(P): “I have never focused on gender gaps. I’ve focused on people. I’ve focused on delivering high-quality work and contributing in creative ways. I raised two children, never stopped working, and never felt that being a woman should hold me back. Who knows if it did? I’ve accomplished a tremendous amount. Looking back, I don’t think I realized how powerful my mindset was in essentially pushing worries about gender aside and simply making the career moves that made sense to me. My mother had a career as a successful interior designer when I was growing up during the 1970s and 1980s. She owned a design firm, which was quite unique at the time. She and other women in her generation paved the way. I never doubted that I would have a career and be a mother, and that’s exactly what I did.”

(A): What according to you makes you stand out as a leader?

(P): “I’m dedicated to being authentic in my leadership. I struggled with that for years and wrote about it in my upcoming book, 5-Star Career: Define and Build Yours Using the Science of Quality Management.Throughout my career, I’ve consistently respected the unique value that my staff and colleagues bring. I seek to understand people and to see the best in them. If people enjoy the work that they do, they will naturally want to do their best.”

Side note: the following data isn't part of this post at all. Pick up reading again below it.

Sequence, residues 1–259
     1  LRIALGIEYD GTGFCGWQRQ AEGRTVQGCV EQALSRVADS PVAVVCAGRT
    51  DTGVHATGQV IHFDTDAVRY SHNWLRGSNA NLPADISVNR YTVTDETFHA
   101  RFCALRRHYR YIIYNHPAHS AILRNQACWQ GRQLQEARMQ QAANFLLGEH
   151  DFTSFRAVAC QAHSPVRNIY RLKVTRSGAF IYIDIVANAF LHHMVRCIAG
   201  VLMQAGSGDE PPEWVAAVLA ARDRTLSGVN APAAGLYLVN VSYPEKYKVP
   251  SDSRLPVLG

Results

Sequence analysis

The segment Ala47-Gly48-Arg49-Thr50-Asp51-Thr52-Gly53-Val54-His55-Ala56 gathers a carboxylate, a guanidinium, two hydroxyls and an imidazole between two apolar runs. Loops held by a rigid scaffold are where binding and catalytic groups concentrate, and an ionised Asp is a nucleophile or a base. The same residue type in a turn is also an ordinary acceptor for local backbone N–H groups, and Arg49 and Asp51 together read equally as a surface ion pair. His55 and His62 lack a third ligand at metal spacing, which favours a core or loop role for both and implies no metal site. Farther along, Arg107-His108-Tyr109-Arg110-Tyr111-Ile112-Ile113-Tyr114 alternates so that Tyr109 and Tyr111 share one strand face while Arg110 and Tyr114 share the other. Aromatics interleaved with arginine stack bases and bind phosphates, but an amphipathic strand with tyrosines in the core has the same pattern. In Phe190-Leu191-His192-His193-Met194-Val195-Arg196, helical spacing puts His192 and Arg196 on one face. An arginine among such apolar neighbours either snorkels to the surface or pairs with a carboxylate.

(A): On your route to success, what were the biggest fears you faced and how did you conquer them?

(P): “I started out with a tremendous number of fears. Now I have very few. I recognized and worked to face my fears. Some I faced early in my career. For example, I forced myself to become comfortable with public speaking. Other fears took years to overcome. Essentially what drove me was a never-ending desire to move forward in my life. I still feel compelled to move forward.”

(A): Last, but not least, what three things would you like to change in the world?

(P): “I’d wish for an increase in logical thinking across the globe and wish for the world to realize that logic and creativity, religion and science, and work and family do not have to be at cross purposes. I’d wish that every child could grow up feeling truly loved.”

Her upcoming book references her own life and is story of how the science of quality management can be applied to one’s career and life in a more personal fashion.